What I Wish I Knew When Learning Haskell (by sdiehl)

Wiwinwlh Alternatives

Similar projects and alternatives to wiwinwlh

NOTE: The number of mentions on this list indicates mentions on common posts plus user suggested alternatives. Hence, a higher number means a better wiwinwlh alternative or higher similarity.

wiwinwlh reviews and mentions

Posts with mentions or reviews of wiwinwlh. We have used some of these posts to build our list of alternatives and similar projects. The last one was on 2023-03-08.
  • Počeo da učim Haskell
    12 projects | /r/programiranje | 8 Mar 2023
    12 projects | /r/programiranje | 8 Mar 2023
  • Update on The Haskell Guide
    2 projects | /r/haskell | 14 Feb 2023
    In this respect, The Haskell Guide is not a tutorial, project-based guide or textbook, which aims to give a more complete walk through the language, in a linear fashion, but more like a reference guide that is carefully designed to be accessible and clear. In that respect, it's like a beginner level version of What I Wish I Knew When I Learned Haskell, with more cross-referencing. (By the way, I don't think this is a substitute for more in-depth or didactically rich resources at all; it's trying to address a different problem.)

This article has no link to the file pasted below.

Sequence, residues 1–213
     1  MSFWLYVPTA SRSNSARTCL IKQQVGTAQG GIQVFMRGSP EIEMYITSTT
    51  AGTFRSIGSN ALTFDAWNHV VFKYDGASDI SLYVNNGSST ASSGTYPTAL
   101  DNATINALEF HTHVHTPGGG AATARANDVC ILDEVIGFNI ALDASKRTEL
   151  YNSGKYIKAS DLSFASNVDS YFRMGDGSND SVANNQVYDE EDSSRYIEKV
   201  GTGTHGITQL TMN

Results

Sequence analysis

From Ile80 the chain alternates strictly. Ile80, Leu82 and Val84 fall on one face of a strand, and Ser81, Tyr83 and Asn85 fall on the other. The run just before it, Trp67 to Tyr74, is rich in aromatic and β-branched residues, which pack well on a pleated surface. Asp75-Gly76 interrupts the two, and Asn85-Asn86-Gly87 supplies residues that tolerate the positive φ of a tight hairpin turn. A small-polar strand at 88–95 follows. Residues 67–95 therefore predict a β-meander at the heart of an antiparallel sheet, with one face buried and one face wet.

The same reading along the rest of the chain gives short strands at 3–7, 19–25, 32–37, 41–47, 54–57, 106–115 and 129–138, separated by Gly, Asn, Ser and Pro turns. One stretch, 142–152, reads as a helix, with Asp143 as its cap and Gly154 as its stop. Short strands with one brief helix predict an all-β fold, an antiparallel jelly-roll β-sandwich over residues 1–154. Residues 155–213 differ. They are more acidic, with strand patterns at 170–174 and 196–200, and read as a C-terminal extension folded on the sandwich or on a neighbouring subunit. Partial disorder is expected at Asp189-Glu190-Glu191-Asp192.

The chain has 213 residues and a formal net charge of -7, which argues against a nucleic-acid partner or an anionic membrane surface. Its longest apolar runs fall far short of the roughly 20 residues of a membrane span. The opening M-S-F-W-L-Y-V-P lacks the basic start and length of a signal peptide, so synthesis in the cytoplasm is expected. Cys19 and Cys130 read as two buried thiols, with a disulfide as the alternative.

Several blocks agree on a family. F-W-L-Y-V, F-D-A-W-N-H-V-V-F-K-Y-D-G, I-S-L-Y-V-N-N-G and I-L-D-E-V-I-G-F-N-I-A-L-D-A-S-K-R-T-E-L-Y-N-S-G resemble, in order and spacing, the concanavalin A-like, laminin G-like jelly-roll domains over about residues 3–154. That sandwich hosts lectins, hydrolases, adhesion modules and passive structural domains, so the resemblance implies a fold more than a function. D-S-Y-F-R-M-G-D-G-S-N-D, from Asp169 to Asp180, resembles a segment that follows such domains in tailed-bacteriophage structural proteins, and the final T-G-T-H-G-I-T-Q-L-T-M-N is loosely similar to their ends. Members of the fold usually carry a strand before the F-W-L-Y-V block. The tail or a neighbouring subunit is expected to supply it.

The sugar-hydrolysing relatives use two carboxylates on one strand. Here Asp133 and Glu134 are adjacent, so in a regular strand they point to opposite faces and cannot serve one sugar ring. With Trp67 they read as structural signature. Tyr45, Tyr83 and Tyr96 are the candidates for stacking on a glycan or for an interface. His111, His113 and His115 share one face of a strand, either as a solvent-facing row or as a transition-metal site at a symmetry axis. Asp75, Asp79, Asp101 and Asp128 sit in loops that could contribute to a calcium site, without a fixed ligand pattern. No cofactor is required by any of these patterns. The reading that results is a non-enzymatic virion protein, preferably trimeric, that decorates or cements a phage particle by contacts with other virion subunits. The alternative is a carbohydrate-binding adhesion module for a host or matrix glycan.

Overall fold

• Wren is a small, fast, class-based concurrent scripting language
    11 projects | news.ycombinator.com | 28 Aug 2022
    Many libraries try to stick to Haskell 98. Also whenever someone writes a paper about some new techniques, they always seem to take a lot of pleasure in pointing out when their technique works in Haskell 98.

    I like that you can mix and match GHC extensions even in the same project. So one library (or even just one module) might use some crazy and messy extensions, but you can still use it from vanilla Haskell.

    http://dev.stephendiehl.com/hask/#language-extensions has a list of extensions and some judgement on them.

    For example, I really like TupleSections. They are not strictly necessary for anything, they are purely cosmetic / syntactic sugar. But they also don't cause any mess. https://ghc.gitlab.haskell.org/ghc/doc/users_guide/exts/tupl...

    Also: TypedHoles are really neat for developing, and will never show up in your final code. https://ghc.gitlab.haskell.org/ghc/doc/users_guide/exts/type...

  • How was your study routine to become good at haskell?
    4 projects | /r/haskell | 12 Jul 2022
    Maybe try to implement something using Haskell? For example, try to read through: https://en.wikibooks.org/wiki/Write_Yourself_a_Scheme_in_48_Hours to see how the concepts are used in a "real world" setting. Also, https://github.com/sdiehl/wiwinwlh is an underrated resource imo. Anyways, the best way to learn Haskell is to just use it. I'm still learning myself, so I don't have much to say beyond that.
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    learnthisrepo.com | 23 Feb 2024
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